In the Gospel of Matthew, Jesus tells three parables identifying the type of people who will find themselves cast into outer darkness. The first is the servant who in his master’s absence is left in charge of the household and personnel, but abused his power/position. The second is about 10 virgins awaiting the arrival of the bridegroom where five prepared by bringing extra oil and five did not make the effort. The third involves responsible versus irresponsible management of their master’s funds by three servants with different levels of abilities. The outer darkness is the place assigned to those who fail to do what they know is right. It is described as a place of weeping and gnashing of teeth (Matthew 13:41-42). It is isolation from God and sounds very much like Hell.
There is a difference between not doing what we know to be right, and not knowing what is right. The first is actually the definition of hypocrisy, something Jesus accused the Pharisees of doing. Interestingly, the world accuses Christians of the same. With these parables Jesus creates a list of adjectives under the umbrella of hypocrisy: arrogant, abusive, greedy, self-indulgent, entitled, presumptive, lazy, dismissive – not practicing what they know. Non-believers actually do the same things, but for believers, the deliberate disregard of God’s ways is most serious. It is not only disobedience, it is also rebellion. 1 Samuel 15:23 tells us that rebellion against God is like the sin of witchcraft.
Jesus did not mince words as He was addressing those who should have known better. Those same warnings are for believers today who think they are safe because they call Jesus “Savior” and perhaps attend church. But James, half-brother of Jesus writes that, “faith by itself, if it is not accompanied by action, is dead. Show me your faith without deeds, and I will show you my faith by my deeds. 21 Was not our father Abraham considered righteous for what he did when he offered his son Isaac on the altar? 22 You see that his faith and his actions were working together, and his faith was made complete by what he did. 26 As the body without the spirit is dead, so faith without deeds is dead.” (James 2:17, 18, 21-22, 26) So, if our faith is dead, then there is no belief. True belief calls for action.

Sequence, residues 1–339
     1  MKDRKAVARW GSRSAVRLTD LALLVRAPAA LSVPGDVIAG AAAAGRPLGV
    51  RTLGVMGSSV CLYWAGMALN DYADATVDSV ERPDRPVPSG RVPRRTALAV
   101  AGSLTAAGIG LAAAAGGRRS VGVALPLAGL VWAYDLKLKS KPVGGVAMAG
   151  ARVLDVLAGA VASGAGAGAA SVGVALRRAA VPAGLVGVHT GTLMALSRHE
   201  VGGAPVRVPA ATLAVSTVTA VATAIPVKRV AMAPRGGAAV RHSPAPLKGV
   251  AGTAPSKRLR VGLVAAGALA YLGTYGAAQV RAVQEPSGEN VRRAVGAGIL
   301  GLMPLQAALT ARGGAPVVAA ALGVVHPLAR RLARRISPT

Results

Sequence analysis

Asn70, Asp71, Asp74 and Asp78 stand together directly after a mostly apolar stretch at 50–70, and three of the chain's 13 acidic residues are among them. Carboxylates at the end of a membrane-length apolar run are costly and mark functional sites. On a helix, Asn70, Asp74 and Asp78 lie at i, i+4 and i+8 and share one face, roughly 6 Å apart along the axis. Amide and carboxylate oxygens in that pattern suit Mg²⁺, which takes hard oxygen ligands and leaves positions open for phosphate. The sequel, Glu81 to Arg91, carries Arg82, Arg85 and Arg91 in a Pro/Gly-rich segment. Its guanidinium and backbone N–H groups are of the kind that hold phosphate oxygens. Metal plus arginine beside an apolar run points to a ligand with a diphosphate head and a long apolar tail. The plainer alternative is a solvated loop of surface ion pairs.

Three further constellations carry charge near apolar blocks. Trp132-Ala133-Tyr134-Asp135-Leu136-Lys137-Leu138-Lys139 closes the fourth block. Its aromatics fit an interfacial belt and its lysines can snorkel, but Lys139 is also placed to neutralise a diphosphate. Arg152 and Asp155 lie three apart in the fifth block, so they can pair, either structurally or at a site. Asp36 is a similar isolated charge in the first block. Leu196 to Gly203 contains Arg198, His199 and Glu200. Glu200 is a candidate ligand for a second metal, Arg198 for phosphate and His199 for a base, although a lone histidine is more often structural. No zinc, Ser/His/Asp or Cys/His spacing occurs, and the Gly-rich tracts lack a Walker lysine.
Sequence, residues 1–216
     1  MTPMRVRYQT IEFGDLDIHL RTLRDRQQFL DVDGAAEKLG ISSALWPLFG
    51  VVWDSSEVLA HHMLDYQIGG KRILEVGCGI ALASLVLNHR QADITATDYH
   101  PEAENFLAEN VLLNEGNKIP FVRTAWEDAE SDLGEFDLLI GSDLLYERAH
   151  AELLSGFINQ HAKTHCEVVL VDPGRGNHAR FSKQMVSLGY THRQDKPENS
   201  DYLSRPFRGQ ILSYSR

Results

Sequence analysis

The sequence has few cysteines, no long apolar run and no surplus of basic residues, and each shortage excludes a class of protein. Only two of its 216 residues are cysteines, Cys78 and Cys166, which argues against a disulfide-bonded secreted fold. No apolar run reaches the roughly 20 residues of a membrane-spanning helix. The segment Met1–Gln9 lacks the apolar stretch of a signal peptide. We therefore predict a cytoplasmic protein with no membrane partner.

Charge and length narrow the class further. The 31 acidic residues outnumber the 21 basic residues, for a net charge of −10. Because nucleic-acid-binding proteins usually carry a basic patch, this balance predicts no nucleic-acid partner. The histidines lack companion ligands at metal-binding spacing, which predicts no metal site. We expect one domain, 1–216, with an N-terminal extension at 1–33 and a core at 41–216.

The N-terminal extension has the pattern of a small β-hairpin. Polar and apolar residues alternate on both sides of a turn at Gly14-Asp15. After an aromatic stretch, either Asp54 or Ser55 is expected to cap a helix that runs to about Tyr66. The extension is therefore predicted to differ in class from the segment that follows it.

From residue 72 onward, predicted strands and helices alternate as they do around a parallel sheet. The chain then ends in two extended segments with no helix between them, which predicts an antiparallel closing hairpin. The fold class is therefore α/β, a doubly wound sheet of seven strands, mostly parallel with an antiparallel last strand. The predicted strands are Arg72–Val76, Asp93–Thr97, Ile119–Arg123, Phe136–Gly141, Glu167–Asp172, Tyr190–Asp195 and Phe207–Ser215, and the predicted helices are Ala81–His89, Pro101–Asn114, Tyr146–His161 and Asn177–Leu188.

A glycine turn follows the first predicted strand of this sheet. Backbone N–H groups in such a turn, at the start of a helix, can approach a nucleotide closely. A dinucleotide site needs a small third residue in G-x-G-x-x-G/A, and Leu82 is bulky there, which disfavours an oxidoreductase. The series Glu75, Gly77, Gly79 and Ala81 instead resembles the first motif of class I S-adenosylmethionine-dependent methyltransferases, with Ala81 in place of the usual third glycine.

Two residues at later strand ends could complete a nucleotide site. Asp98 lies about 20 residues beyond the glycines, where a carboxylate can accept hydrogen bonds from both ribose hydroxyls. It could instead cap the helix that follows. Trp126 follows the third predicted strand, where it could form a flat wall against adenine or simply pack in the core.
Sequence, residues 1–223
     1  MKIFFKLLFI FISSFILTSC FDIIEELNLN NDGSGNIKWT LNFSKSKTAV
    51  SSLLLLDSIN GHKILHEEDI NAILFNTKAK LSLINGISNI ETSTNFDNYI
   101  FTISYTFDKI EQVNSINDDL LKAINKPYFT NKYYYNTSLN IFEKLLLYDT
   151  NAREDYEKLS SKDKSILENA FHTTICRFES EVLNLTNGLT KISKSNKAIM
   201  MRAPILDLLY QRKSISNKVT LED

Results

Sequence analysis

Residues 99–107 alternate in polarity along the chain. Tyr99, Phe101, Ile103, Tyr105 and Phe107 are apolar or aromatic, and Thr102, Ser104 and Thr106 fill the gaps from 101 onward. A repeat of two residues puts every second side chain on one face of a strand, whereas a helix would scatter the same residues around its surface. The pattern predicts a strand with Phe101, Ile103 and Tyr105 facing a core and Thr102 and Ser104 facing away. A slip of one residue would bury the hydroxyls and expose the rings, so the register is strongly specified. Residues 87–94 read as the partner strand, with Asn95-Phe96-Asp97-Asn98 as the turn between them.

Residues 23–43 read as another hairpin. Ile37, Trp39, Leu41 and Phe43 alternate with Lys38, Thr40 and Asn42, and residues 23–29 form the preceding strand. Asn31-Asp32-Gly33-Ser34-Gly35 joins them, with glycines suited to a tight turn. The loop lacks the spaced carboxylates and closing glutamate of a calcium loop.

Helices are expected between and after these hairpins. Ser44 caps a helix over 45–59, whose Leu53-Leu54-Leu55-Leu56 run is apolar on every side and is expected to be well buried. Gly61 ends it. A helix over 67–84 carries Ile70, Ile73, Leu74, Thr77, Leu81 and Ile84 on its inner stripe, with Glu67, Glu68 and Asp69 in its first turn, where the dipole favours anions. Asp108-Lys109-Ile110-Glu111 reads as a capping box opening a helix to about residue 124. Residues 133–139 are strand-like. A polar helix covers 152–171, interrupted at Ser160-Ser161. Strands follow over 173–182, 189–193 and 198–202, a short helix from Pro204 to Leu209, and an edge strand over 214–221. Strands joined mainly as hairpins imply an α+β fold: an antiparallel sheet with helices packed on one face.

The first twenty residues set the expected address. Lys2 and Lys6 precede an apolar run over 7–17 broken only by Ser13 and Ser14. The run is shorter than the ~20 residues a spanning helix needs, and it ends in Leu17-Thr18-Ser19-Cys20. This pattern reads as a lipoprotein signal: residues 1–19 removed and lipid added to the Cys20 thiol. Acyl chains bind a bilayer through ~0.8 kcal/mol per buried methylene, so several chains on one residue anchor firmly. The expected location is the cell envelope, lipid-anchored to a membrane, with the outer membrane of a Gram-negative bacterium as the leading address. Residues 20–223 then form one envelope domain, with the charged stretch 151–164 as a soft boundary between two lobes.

A sobering thought for believers is the number of times we have been guilty (if we’ll admit it) of participating in hypocritical judgments and practices. Are we sometimes secretly criticizing the attire or antics of worship leaders while we are presumably worshiping God? Are we reluctant givers of the resource God has given to us? How honestly gracious are we towards co-workers who receive the favor/promotion that we wanted? Are we willing to forgive a family member for treating us in the same dismissive, inconsiderate way that we have treated God? What have we known we should do, but keep putting it off? The list goes on and on . . .
But because Jesus never treats us the way we treat Him, we have hope — His grace for us sinners. This is not the grace to continue sinning, but to turn and realign ourselves in Him with the clean slate His blood has purchased. It’s a fresh start, a do-over that will keep us from the outer darkness if we will ruthlessly examine ourselves, heed His warning, and do as He teaches. It’s time to wake-up, listen, and act.